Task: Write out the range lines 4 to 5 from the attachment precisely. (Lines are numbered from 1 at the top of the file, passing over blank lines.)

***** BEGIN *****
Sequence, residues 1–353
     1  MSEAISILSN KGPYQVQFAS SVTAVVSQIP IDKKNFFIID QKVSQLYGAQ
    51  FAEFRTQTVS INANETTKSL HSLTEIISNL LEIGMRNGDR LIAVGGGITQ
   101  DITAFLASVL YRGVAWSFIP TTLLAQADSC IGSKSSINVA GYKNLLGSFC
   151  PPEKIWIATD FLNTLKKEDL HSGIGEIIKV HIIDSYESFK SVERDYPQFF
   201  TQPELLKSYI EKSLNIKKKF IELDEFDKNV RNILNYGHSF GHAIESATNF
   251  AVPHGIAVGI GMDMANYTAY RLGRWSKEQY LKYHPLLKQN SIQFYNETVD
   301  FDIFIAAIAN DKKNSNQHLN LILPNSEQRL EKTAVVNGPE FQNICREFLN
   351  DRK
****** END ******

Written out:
   101  DITAFLASVL YRGVAWSFIP TTLLAQADSC IGSKSSINVA GYKNLLGSFC
   151  PPEKIWIATD FLNTLKKEDL HSGIGEIIKV HIIDSYESFK SVERDYPQFF